Should I use a water clarifier?

BamaBetta

I have inexpensive pool filter sand in my tanks. I rinsed it really really well before it went in my tank. It never caused cloudy/dirty water. I switched out the gravel in my fully cycled fully stocked tank without removing the fish and all the water and it never made the water cloudy. Elbert is constantly rearranging the sand and even he can't cause cloudy water with it.

You may have to replace what you have with a different kind to get rid of what's happening in this tank.
Mattgirl, you gave me some advice in another thread recently about cycling a second new tank… my first tank has only gravel. For the second tank, I decided to try sand over gravel. The sand is pretty fine (aqua terra). I washed it really well in a pillow case before adding it to the water and used a saucer to pour in my water slowly. I literally just set up the tank yesterday, but I’m a little bummed that it’s a little cloudy. I may not have noticed it that much if it were not right next to my other tank. The other tank has crystal clear water and always has. For the tank with the sand, I put some sponge in the strainer to try to keep from stirring up the sand. Any tips to clear it up a little? Forgive me for asking if this is a taboo topic, but would it be bad to add some water clarifier? Any advice? TIA!
 

mattgirl

I really can't see how rinsing sand in a pillow case can get it as clean as it needs to be to keep it from clouding the water. Now that it is in the tank several water changes should help clean it. Stir the sand and then siphon the water out. Doing this several times should help clean it. I fear if it isn't cleaned well to begin with it will constantly cloud the water with each water change.

Personally I would not add a water clarifier. I would rather fix the issue with water changes. In my humble opinion it is better to do the extra work now to prevent what might become an ongoing issue. If this is a 5 gallon tank it shouldn't be too difficult to rinse it in the tank.
 

RayClem

Sand can come in a variety of grain sizes. Swimming pool filter sand is specifically graded so that the grains are large enough to settle quickly. Thus, it works well in aquariums.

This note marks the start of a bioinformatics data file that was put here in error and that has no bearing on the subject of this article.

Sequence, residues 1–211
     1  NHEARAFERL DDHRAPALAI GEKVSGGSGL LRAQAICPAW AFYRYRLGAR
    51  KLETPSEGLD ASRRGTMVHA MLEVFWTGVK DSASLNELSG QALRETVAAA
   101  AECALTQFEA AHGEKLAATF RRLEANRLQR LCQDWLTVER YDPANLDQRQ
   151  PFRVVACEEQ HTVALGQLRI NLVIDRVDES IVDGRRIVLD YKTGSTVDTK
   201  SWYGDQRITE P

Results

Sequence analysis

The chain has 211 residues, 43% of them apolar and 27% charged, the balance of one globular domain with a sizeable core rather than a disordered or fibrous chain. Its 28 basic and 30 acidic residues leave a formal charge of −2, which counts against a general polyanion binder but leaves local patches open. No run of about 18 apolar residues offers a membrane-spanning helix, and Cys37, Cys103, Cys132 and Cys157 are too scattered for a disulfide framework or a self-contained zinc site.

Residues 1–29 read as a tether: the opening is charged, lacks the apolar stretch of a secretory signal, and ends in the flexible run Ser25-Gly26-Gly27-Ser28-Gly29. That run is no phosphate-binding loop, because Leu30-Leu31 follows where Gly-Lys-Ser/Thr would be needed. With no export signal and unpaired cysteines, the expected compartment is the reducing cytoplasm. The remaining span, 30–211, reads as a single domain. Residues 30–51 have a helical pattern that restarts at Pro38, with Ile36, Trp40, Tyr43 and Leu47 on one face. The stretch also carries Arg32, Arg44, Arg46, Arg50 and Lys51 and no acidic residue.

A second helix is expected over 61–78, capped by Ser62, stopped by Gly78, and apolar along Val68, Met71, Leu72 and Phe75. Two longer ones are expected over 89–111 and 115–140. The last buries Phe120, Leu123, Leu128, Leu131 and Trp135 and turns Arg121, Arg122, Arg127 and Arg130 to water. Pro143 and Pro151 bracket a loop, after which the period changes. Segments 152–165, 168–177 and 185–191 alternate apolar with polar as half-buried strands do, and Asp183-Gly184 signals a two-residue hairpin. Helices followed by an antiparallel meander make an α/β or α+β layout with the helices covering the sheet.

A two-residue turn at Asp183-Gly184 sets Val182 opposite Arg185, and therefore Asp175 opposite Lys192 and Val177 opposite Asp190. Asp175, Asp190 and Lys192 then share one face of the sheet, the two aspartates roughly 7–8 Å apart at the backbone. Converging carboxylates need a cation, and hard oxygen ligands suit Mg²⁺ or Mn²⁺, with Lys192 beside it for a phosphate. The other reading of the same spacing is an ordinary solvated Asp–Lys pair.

I suspect your issue resulted from your washing the sand in a pillow case. A pillow case, especially one with a high thread count, is much to fine to allow passage of the fine sand particles you were trying to remove. Thus, rinsing the sand did little to remove the fine particles that can cause cloudiness.

Fine sand particles, however, are not the only thing that can cause cloudiness in a new aquarium. I would not be at all surprised if you had diatom algae. You might also have a bacterial bloom. Both are quite common in new tanks.

Fortunately, doing routine water changes should help remove the cloudiness. Also see if you can use a fine polishing filter pad in your filter. Something like 50 micron should do the job. If you have an HOB filter with a replaceable filter cartridge, they are ineffective at removing fine particles that cause cloudiness. You need something much finer. Please note, however, that the polishing pads will fill up with debris quite quickly and will need frequent replacement. Once the water is clear, you can go back to a standard filter pad. In any event, the replaceable cartridges are designed to be quick and easy and to put lots of money in the pockets of the manufacturers. It is better to use a sponge or thick filter pad that can be rinsed periodically.
 

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